“So can anything means anything? Are there no boundaries?” This question crops up all the time. Now, we know two things from the start: First, and this is important, we know full well that anybody can say “X means Y” no matter how daft we may think that assertion. At the same time, second, no assertion about meaning stands on its own; under most circumstances, such assertions carry the unstated subtext “In the semiotic economy of psychoanalysis…” or “Among all speakers of more-or-less standard English…” or “Assuming the speaker knew the word’s usual semantic range…”. Since those qualifying subtexts almost always remain tacit, though, it’s easy for people to mismatch assumed qualifications (“I thought we were talking about our relationship, and she thought we were talking about welfare policy”). Sometimes speakers deliberately operate with asymmetrical assumptions (psychotherapy again, for instance). And sometimes we deliberately interpret statements from one (presumed) semiotic economy in terms of another. But — and this is the key issue — no interpretive mandate can prospectively regulate the interpretations someone offers. (I’ve written about this before, in “Twisting To Destruction”; interpretive rules can function descriptively, but no interpretation was ever precluded because there was a rule against it.) Anything can mean anything to somebody, in some semiotic economy or another; the only boundaries come from our interest in participating in certain discourses, discourses where transgressive interpretive behaviour would be unwelcome.
Imagine that Yoda were regular height, could speak lucid, straightforward, idiomatic English, was hardly ever seen without his camera, understood the internet the way a farmer understands seed and season, and knew more about broadcast radio than all but a dwindling number of rf-spectrum vets. You’re thinking about Doc Searls.
Doc’s another one of the homesteaders we used to banter with, link to, listen to, and learn from. He’s the one (you may remember) who supplies thousands of Commons-licensed photos to Wikipedia, to print and broadcast media, and to bloggers — especially bloggers who want to illustrate their pages with aerial views of their subjects,
or well-composed topical photos,
or just bunches of internet friends in interesting places.
That’s all just a warm-up, since the Web has grown from rural community with party line phones, general stores, and a stick-together, barn-raising ethos to a hyper-urban celebrity culture. A dozen years ago, you’d have known Doc — but he’s not on Huffington Post or whatever, so you may need an introduction.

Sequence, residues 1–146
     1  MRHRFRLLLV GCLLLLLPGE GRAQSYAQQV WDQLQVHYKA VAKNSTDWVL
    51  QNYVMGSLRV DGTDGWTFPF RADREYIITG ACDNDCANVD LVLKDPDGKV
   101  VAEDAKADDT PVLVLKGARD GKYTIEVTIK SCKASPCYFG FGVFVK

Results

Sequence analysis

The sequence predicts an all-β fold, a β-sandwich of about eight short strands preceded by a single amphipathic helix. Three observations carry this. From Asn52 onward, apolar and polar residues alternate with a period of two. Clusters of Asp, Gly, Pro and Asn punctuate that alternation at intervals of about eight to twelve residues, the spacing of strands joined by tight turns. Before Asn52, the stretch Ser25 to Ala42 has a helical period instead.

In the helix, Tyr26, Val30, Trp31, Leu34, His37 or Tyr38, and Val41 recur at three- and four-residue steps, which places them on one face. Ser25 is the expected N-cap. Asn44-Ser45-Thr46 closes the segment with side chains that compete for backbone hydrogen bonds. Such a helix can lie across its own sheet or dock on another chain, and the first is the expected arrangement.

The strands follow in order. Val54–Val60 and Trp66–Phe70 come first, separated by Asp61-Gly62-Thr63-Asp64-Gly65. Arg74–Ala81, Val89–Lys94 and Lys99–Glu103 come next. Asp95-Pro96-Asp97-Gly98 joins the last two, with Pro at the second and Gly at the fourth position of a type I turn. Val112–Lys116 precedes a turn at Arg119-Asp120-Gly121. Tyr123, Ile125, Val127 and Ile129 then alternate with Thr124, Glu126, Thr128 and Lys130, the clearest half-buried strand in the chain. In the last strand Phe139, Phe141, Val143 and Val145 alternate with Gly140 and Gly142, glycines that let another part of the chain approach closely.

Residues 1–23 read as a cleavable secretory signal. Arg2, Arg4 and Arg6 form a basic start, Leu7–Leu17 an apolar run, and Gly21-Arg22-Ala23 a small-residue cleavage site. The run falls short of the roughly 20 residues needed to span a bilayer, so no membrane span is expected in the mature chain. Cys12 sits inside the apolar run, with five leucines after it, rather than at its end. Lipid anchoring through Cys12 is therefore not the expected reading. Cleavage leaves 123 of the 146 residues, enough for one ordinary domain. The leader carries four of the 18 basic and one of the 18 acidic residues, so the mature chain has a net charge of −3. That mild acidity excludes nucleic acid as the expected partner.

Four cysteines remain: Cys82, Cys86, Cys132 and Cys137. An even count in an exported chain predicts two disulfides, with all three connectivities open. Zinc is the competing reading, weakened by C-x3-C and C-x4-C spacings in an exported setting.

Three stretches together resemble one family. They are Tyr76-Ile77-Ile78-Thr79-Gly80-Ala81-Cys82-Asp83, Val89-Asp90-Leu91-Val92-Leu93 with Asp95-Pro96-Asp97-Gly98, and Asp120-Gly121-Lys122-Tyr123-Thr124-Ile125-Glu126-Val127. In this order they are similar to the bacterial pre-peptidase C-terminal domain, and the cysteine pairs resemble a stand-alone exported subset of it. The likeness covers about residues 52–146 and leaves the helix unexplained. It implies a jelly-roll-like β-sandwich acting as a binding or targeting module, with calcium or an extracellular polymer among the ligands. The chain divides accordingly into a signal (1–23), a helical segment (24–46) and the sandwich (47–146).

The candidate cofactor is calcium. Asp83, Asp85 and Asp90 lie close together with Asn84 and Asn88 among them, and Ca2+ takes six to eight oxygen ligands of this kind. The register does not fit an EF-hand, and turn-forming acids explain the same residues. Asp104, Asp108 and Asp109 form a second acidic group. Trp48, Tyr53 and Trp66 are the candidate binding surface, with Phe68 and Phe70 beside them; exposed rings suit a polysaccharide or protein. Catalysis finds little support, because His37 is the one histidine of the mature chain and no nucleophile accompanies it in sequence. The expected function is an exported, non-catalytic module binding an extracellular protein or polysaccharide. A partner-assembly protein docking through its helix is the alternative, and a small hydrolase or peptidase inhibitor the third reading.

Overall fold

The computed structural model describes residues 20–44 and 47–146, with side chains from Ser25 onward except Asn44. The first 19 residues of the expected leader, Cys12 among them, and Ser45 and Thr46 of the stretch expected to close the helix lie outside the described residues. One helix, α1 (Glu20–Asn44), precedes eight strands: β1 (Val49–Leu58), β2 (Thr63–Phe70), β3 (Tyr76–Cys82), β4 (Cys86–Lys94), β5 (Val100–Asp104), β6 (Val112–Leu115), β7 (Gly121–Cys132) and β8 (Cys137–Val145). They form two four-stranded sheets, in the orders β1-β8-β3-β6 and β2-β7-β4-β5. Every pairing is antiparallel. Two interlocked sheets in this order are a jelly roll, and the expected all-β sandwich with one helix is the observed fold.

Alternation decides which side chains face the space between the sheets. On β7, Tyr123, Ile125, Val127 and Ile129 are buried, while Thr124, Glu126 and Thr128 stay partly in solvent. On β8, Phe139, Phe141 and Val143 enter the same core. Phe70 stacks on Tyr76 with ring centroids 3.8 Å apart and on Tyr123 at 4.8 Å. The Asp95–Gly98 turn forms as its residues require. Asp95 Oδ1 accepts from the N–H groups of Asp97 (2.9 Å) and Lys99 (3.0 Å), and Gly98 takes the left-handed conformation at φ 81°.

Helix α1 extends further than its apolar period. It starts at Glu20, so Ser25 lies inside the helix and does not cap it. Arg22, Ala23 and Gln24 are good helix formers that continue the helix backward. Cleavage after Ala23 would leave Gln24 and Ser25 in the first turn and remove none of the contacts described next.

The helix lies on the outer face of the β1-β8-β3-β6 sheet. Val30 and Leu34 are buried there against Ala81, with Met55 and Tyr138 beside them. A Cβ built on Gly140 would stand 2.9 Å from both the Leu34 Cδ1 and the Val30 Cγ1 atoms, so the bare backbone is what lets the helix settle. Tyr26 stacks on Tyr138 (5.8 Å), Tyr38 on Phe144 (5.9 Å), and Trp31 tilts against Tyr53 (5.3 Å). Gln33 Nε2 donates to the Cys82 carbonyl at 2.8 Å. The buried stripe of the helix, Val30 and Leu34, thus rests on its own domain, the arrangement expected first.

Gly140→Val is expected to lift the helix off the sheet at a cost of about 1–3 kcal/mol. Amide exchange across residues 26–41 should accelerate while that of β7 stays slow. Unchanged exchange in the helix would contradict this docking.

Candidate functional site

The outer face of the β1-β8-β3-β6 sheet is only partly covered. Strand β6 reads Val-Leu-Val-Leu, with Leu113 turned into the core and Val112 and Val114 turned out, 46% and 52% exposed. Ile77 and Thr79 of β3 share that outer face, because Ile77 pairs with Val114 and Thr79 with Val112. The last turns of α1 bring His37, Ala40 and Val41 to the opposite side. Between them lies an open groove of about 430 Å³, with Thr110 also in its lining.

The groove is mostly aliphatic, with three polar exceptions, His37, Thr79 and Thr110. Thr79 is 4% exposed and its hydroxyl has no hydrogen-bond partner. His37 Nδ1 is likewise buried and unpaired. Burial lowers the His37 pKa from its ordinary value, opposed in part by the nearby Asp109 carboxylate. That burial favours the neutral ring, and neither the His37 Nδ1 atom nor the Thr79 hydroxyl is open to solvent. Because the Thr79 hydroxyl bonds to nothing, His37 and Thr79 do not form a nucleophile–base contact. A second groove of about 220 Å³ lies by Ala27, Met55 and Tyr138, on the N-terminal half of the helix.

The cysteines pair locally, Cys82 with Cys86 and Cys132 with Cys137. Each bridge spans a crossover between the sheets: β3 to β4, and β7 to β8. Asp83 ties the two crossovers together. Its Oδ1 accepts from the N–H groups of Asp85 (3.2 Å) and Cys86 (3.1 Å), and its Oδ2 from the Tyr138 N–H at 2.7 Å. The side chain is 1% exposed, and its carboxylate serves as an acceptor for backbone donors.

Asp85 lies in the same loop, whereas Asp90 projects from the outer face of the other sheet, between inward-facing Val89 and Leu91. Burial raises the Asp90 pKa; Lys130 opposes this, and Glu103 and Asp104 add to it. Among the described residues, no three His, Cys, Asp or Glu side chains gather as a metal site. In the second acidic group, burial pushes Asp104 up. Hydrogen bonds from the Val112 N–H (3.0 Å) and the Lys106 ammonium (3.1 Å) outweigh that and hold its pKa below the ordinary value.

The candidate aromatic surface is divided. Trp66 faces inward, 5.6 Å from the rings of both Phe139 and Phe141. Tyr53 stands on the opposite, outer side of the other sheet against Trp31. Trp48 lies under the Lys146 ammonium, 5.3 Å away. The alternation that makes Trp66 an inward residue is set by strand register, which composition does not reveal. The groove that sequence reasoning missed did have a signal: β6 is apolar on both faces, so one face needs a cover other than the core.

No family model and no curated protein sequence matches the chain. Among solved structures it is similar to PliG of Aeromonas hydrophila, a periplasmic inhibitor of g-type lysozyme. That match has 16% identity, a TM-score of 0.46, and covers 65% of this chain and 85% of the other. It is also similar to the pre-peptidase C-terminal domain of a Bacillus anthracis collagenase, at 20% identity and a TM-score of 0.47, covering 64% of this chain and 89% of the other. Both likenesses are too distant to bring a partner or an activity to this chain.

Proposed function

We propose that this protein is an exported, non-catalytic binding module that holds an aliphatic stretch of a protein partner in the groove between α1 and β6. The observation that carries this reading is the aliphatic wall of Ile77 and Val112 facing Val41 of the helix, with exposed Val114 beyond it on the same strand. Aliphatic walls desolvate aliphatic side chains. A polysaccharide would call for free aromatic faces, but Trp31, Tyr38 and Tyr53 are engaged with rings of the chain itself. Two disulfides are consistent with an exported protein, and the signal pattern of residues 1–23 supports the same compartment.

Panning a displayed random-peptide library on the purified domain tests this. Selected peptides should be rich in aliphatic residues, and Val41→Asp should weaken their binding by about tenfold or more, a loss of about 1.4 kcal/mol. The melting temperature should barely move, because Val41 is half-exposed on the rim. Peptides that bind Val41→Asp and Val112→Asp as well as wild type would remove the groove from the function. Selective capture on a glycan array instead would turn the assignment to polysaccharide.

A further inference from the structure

A couple of days ago, Doc posted a lovely, thoughtful, un-dramatic reminder about mortality: his, ours, the universe’s, everything. It’s Doc all over — wisdom that’s neither awesome in its unexpected profundity, nor clothed in elementary homespun simplicity, but just true, illustrated from his own photos, informed by his own fascination with geology, and utterly saturated with his love for humanity. Thanks, Doc — you’re a champ.
Gather round the YouTube video of a campfire, kiddies, and Grandpa will tell you a story of the days before the Web had coalesced into the shopping mall of franchises and brands that it is today.
In those days, bloggers didn’t have Facebook or Twitter to spread word of their memes, photoshopped images, and even their original ideas. And again, in those days, blogs didn’t have commenting capacity coded in; you could add comments on, or switch platforms to a more advanced blogging app that did support comments, or you could do without comments. Heh, we used to have arguments about whether a blogger was obliged to allow comments or, contrarily, that comments were a bad thing (someone was foreseeing YouTube comments).
If we saw a blog to which we wanted to respond, we wrote about it on our own blogs, and made a link to the other site.
Those days saw lots of workarounds and kludges and brilliant innovations to accomplish things that quite ordinary blogging apps do today (if indeed they’re still possible). Among the people who contributed to that ecosystem of connection and innovation was Kevin Marks. (He also used to blog more often than he does now, but I can’t throw stones about that.) So a week or so ago, Kevin was at a W3C meeting, when he realised that it’s important that a blogger be able to link not just to a page, but to specific words on a page. He devised a way for this to work, and Jonathan Neal wrote a script that, if added to a site, would enable links to specific words on a page — what Kevin calls a “fragmention.” Indeed, Jonathan wrote an extension for Google Chrome to enable fragmentions to workthrough the browser, regardless of internal scripting. And they worked out a refined implementation a few days later.
In the old days, we wrote about one another’s ideas and implementations, kicked the tires (or “tyres”), and responded to each other. Like saying, “Thanks, Kevin — this looks very cool. I’ll poke a round and try it — I hope it catches on.”